Appl Clin Inform 2011; 02(01): 75-85
DOI: 10.4338/ACI-2010-05-RA-0030
Research Article
Schattauer GmbH

Healthcare Information Systems to Assess Influenza Outbreaks

An analysis of the 2009 H1N1 Epidemic in Buenos Aires
S. Figar
1   Division of Epidemiology, Department of Internal Medicine
V. Aliperti
1   Division of Epidemiology, Department of Internal Medicine
E. Salazar
2   Divison of Infectiology, Department of Internal Medicine
C. Otero
3   Department of Health Infomatics, Hospital Italiano de Buenos Aires, Argentina
M. Schpilberg
3   Department of Health Infomatics, Hospital Italiano de Buenos Aires, Argentina
V. Taliercio
3   Department of Health Infomatics, Hospital Italiano de Buenos Aires, Argentina
P. Otero
3   Department of Health Infomatics, Hospital Italiano de Buenos Aires, Argentina
F. González Bernaldo de Quirós
3   Department of Health Infomatics, Hospital Italiano de Buenos Aires, Argentina
› Author Affiliations
Further Information

Publication History

received: 01 July 2010

accepted: 01 February 2011

Publication Date:
16 December 2017 (online)


Objective: To determine whether a private HIS could have detected the influenza epidemic outbreaks earlier through changes in morbidity and mortality patterns.

Methods: Data Source included a health information system (HIS) from an academic tertiary health care center integrating administrative and clinical applications. It used a local interface terminology server which provides support through data autocoding of clinical documentation. Specific data subsets were created to compare the burden of influenza during the epidemiological week (EW) 21 to 26 for years 2007 to 2009 among 150,000 Health Maintenance Organization members in Argentina. The threshold for identifying an epidemic was considered met when the weekly influenza-like illness (ILI) rate exceeded 200 per 100,000 visits. Case fatality rates and mortality rates of severe acute respiratory infection (SARI) from 2007 to 2009 were retrospectively compared. Case fatality rates and mortality rates for A/H1N1 influenza 2009 also were estimated.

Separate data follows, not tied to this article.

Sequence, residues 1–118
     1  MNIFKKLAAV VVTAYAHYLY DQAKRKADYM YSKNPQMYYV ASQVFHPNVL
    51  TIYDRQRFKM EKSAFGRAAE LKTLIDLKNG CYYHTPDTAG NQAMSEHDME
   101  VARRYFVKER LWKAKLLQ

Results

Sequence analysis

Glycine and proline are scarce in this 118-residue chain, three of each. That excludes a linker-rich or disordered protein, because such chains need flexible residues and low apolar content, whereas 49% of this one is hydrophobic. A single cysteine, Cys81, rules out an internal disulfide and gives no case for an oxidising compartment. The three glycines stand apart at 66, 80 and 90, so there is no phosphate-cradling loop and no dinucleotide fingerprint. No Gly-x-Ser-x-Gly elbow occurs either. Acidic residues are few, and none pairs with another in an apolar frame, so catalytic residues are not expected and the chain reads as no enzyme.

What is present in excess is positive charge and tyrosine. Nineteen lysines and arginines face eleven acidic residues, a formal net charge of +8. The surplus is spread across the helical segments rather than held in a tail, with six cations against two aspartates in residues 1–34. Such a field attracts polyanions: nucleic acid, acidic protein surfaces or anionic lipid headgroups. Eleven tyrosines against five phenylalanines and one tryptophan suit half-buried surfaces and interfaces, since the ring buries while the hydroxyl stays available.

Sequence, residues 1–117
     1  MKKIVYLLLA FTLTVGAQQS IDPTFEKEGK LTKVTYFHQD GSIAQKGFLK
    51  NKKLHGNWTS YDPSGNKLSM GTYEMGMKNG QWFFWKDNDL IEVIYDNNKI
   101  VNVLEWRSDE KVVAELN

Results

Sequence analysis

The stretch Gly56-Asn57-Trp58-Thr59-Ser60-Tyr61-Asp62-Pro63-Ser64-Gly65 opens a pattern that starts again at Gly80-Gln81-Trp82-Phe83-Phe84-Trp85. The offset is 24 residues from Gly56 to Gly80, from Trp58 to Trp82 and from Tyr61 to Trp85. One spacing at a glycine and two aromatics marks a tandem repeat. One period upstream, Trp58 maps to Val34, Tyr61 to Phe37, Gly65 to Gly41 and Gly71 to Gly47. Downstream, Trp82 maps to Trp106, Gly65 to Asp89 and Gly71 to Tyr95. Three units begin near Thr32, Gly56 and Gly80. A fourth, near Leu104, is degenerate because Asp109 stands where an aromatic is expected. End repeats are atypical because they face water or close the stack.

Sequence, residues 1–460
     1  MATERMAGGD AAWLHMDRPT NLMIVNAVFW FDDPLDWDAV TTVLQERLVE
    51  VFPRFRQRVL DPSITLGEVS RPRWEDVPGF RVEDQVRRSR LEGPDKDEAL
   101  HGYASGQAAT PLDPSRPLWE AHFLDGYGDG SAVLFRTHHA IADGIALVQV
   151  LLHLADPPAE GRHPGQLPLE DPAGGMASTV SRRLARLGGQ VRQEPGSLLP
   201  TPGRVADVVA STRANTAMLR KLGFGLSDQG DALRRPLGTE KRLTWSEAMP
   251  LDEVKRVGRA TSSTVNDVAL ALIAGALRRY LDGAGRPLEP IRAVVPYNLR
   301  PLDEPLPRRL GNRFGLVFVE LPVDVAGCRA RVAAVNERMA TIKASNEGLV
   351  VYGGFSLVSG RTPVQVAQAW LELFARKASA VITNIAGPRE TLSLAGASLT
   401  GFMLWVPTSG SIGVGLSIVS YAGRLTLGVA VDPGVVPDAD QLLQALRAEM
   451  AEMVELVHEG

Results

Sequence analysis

Results: The HIS detected the outbreak in EW 23 while the government Ministry of Health (MoH) gave a national epidemic alert during EW 25. The number of visits for ILI increased more than fourfold when comparing 2009 to the period 2007-2008. The SARI mortality rate in 2009 was higher than in 2008 (RR 2.8; 95%CI 1.18-6.63) and similar to that of 2007 (RR 1.05; 95%CI 0.56-1.49). 2009 was the first year with mortalities younger than 65 years attributable to SARI. The estimated A/H1N1 case fatality rate for SARI was 6.2% (95%CI 2.5 to 15.5) and A/H1N1 mortality rate was 6 per 100,000 (95%CI 0 to 11.6).

Conclusion: Our HIS detected the outbreak two weeks before than the MoH gave a national alert. The information system was useful in assessing morbidity and mortality during the 2009 influenza epidemic H1N1 outbreak suggesting that with a private-public integration a more real-time outbreak and disease surveillance system could be implemented.

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